We walked on, over the hills and down green lanes where tree creepers crept and early windflowers took flight. He showed me the map. I followed, trusting that he knew the way. The conversation spiralled down into the mossy earth. We talked of.. we talked of everything and stopped for lunch in a church to eat sandwiches with our feet resting on memorials to long dead horsewomen.
We swung through gateways, light stepped through the mud and descended through a woodland dusted with hazel catkins, muted and burnished, their subtlety punctuated with the skeletal branches of bare oaks rising like overlords. Through a valley, along a road, down to a pub for cider and crisps.
Such walks, such friendships are among the great blessings of life, part of the cycle of life, a person you meet through the centuries and walk with and share the tiny moments with. These tiny moments we can blink and miss but sometimes, some days you stop and pause and think, well, really, this is not so bad.
Making the wetlands wetter.
Despite, or more likely because of, a lack of rain over this winter and the beautiful but crazy heatwave at the end of February I am focussing my attention this year on plans to make the wet grassland of North Kent much wetter.
The Southeast struggles for sufficient rainfall and following the super dry summer of 2018 there is even more pressure on our rivers and wetlands as more water is abstracted from the natural environment for food production and the needs of the every increasing number of households.
Therefore we need to be able to preserve as much rainfall as we can on the marshes so they are wet enough in the spring to encourage waders to breed.
With this in mind I have spent the last month creating a series of wetland restoration plans alongside the farmers I work with. Google Earth has proved invaluable giving me a spy in the sky ability to whizz backwards in time across the land and see low lying spots where water naturally sits. By creating new rills and scrapes in these spots we can ensure that the fields stay wetter for longer into the spring and provide the conditions that lapwing and redshank need in order to successfully rear chicks.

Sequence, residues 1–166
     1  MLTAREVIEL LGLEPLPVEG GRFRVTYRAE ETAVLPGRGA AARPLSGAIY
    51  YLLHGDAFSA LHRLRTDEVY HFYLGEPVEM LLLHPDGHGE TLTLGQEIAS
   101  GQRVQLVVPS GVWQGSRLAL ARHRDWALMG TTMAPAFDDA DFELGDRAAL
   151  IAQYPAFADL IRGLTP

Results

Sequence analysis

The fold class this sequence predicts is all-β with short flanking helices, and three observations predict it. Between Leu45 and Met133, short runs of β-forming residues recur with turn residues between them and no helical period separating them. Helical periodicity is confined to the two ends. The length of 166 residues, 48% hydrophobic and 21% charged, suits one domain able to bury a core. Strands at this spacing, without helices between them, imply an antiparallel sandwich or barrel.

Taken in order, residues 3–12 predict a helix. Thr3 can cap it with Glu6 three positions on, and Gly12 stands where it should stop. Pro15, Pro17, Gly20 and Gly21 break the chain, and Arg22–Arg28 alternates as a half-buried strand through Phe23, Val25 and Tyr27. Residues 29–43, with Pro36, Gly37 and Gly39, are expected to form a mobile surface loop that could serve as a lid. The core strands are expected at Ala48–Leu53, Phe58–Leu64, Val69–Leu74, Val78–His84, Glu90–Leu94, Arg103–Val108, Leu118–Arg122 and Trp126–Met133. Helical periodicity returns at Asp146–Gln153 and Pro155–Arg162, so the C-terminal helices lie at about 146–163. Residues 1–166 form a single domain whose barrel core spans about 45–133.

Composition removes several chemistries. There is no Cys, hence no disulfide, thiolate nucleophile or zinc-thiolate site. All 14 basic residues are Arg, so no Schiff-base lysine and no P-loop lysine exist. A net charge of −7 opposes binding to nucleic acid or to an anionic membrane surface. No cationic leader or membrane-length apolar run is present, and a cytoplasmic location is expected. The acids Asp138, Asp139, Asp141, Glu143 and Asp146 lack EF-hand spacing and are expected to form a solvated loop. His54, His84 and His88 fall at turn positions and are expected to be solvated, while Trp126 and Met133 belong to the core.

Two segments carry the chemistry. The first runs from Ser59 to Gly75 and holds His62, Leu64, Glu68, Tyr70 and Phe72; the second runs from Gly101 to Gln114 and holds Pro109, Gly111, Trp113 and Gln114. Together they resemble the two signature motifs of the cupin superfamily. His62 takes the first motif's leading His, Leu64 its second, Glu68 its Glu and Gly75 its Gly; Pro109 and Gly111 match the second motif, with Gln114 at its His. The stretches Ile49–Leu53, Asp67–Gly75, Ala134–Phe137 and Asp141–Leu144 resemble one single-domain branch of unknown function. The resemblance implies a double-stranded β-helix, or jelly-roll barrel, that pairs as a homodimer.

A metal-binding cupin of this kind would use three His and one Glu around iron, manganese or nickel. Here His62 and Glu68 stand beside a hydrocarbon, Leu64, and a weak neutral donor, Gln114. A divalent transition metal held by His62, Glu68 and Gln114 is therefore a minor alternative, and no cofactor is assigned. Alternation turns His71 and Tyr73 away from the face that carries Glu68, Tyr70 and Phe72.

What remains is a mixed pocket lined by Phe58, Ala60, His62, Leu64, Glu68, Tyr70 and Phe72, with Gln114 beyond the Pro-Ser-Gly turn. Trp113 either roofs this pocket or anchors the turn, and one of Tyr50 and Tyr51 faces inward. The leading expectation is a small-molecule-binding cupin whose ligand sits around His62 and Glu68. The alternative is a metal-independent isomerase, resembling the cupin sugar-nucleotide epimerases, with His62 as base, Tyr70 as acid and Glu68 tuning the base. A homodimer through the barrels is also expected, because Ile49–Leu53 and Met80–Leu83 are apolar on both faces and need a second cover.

Once farmers have approved the plans then the next step will be to get all the legal agreements in place to create a ‘ready to go’ project to present to outside funders.
It is a lot of work but is vital if we are to return waders to our marshes. To help I have taken on a student from Hadlow College. Matthew is in the first year of a Countryside Management degree with hopes of being an ecologist. I am delighted to welcome him to the team and help with his studies.
I am also delighted that the RSPB is looking to extend the work in North Kent for another 6 years and offer advice to even more farms. The Greater Thames Estuary is one of the priority areas in the RSPB’s Futurescapes project. Only by restoring large areas of land can we ensure a future for the UK’s wilWith this in mind I have begun reaching out to new landowners and was delighted to visit Kent Wildfowlers Cooling Marsh Reserve a few weeks ago.
This area is ideal for breeding waders as it lies adjacent to a large bay on the Thames which was created by managed realignment. The site is extremely open and flat but, like many other sites, struggles to hold water.
After walking the land with John Nottage and Ray Lucas from Kent Wildfowlers we sat around a pot bellied stove with dogs at our feet in a little hand built club house by the river and discussed ways we could help retain water on the marshes and improve the land for waders.
Many of the farmers I work with shoot and I don’t find this conflicts with managing the land for wading birds at all. I am very much hoping to get out to visit more Wildfowlers reserves and meet with more landowners next month.